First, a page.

Non-thermal processes around accreting galactic black holes
Instituto Argentino de Radioastronomía (IAR, CCT La Plata, CONICET), CC5, 1984 Villa Elisa, Buenos Aires, Argentina e-mail: firstname.lastname@example.org
2 Facultad de Ciencias Astronómicas y Geofísicas, Universidad Nacional de La Plata, Paseo del Bosque s/n, 1900 La Plata, Argentina
Accepted: 28 May 2010
Context. Accreting black holes in galactic X-ray sources are surrounded by hot plasma. The innermost part of these systems is likely a corona with different temperatures for ions and electrons. In the so-called low-hard state, hot electrons Comptonize soft X-ray photons from the disk that partially penetrates the corona, producing emission up to ~150 keV, well beyond the expectations for an optically thick disk of maximum temperature ~107 K. However, sources such as Cygnus X-1 produce steady emission up to a few MeV, which is indicative of a non-thermal contribution to the spectral energy distribution.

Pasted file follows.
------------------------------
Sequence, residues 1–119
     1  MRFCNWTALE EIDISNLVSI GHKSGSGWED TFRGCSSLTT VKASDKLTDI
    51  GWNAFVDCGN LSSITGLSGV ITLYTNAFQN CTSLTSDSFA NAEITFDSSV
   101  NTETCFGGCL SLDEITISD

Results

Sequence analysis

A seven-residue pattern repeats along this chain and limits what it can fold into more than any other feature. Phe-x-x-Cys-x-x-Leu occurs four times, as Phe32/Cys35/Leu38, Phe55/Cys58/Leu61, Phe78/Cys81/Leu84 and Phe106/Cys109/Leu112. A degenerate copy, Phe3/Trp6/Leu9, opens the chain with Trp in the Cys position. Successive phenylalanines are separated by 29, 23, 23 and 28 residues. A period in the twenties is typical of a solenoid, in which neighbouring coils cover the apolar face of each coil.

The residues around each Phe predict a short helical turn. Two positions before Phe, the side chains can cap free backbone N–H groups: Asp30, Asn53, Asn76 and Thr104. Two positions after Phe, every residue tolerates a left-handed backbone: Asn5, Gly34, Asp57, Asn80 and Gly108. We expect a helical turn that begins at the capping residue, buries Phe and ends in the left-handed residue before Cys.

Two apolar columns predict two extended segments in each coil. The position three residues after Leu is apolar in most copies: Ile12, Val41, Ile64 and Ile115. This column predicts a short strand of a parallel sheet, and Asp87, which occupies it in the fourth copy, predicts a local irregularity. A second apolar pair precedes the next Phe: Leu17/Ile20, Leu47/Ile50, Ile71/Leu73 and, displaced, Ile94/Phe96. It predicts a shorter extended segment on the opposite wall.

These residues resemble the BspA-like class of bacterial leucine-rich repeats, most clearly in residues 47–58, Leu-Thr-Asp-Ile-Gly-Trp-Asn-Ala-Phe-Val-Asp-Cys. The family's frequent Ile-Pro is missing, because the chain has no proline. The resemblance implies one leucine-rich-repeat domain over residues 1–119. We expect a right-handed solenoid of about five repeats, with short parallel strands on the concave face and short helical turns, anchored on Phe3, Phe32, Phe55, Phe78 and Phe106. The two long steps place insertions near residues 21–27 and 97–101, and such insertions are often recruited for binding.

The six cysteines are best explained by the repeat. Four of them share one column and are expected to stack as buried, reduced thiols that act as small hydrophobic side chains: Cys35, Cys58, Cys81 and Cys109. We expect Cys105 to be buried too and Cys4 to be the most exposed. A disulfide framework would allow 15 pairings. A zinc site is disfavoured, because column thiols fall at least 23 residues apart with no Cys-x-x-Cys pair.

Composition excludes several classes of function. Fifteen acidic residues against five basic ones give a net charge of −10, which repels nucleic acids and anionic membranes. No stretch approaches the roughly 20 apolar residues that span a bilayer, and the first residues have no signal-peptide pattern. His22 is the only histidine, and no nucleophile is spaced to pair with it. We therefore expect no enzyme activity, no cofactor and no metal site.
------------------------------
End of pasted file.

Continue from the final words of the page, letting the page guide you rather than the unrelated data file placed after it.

Aims. We study the radiative output produced by the injection of non-thermal (both electron and proton) particles in a magnetized corona around a black hole.
Methods. Energy losses and maximum energies are estimated for all types of particles in a variety of models, characterized by different kinds of advection and relativistic proton content. Transport equations are solved for primary and secondary particles, and spectral energy distributions are determined and corrected by internal absorption.
Results. We show that a local injection of non-thermal particles can account for the high energy excess observed in some sources, and we predict the existence of a high-energy bump at energies above 1 TeV, and typical luminosities of ~1033 erg s-1.
Conclusions. High-energy instruments such as the future Cherenkov Telescope Array (CTA) can be used to probe the relativistic particle content of the coronae around galactic black holes.
Key words: radiation mechanisms: non-thermal / gamma rays: general / X-rays: binaries
© ESO, 2010